Monday, 21 February 2000
Language evolves, so the language expert say. Yet, they try to freeze the language in some of artificial intermediate state. I have never understood how a language can evolve when it is pinned down with all kinds of rules in thick books. Dictionaries for spelling rules, lists of irregular verbs, etceteras (www.gsu.edu/.../verbs.htm)

In November 1998 I wrote My first Nut. Has my language style changed since? I don't know. As far as I can tell it has not changed. Language does not evolve so quickly. The first changes will strike in a decade or so. After a hundred years the language is still recognisable, yet immediately strikes as hopelessly old-fashioned, difficult and cumbersome.

What will English look like in a hundred years or so? Probably even simpler, and faster too. Contemporary English is easier than it was a hundred years ago.

A few predictions:

  • Base + s will be the first to fall. Especially Asians have difficulties with the extra 's'. The concept is alien to the grammar of their own languages. In a hundred years or so nobody will know that the extra s ever existed.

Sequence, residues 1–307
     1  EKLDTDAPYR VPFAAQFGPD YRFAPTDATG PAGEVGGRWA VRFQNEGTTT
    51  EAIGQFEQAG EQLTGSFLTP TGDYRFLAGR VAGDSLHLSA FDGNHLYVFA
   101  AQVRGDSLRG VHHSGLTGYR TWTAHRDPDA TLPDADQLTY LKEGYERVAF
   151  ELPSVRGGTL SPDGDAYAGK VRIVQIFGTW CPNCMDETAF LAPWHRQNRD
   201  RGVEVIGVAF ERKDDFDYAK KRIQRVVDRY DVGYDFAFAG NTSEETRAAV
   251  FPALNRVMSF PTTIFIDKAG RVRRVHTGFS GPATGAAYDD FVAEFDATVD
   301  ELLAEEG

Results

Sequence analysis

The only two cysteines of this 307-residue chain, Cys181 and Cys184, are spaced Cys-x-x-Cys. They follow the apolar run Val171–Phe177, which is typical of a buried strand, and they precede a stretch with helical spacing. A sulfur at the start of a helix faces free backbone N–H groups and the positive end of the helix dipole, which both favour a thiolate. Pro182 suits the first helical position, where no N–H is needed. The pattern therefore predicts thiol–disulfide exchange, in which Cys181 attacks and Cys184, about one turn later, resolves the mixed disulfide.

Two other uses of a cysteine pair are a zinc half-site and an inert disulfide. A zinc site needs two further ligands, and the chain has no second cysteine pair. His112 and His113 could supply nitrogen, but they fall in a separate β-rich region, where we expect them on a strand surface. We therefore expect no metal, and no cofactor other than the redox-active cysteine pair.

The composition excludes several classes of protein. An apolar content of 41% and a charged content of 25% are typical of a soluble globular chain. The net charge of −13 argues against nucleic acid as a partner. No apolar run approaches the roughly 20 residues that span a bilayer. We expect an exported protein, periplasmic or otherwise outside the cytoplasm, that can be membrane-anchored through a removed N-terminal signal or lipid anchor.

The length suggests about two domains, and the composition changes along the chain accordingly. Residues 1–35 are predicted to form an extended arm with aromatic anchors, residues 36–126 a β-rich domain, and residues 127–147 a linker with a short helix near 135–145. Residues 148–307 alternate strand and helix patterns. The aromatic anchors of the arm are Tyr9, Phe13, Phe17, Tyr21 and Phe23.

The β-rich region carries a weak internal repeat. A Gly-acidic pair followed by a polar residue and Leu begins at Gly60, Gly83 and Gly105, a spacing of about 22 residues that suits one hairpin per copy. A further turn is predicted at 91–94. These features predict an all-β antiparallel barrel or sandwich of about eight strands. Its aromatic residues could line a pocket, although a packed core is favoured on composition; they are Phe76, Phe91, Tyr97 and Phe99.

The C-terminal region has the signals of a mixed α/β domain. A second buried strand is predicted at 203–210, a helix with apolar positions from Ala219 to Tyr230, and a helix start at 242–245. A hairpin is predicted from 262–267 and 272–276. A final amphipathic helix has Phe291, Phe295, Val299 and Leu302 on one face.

• The unnecessary tenses for time, plural, and so on will disappear. The distinction between 'this' and 'these' isn't really required, and neither is 'that' and 'those'.
  • Soft consonants such as the 'h' will fall off.
  • The odd differences between 's' and 'z' will faint.
  • Some slang words will penetrate Queens English.
English will continue to get easier to pronounce, and easier to write. It will get easier and easier for foreigners to learn the language, far easier than learning a complicated language such as Dutch (www.onzetaal/.../dutch.html).

English grammar will get easier, more like Asian languages. So, most likely English will mature towards the Asian pidgin style. So, whenever you get the giggles from hearing an Asian speak English, please remember: Their language is more advanced than ours.

Till next week!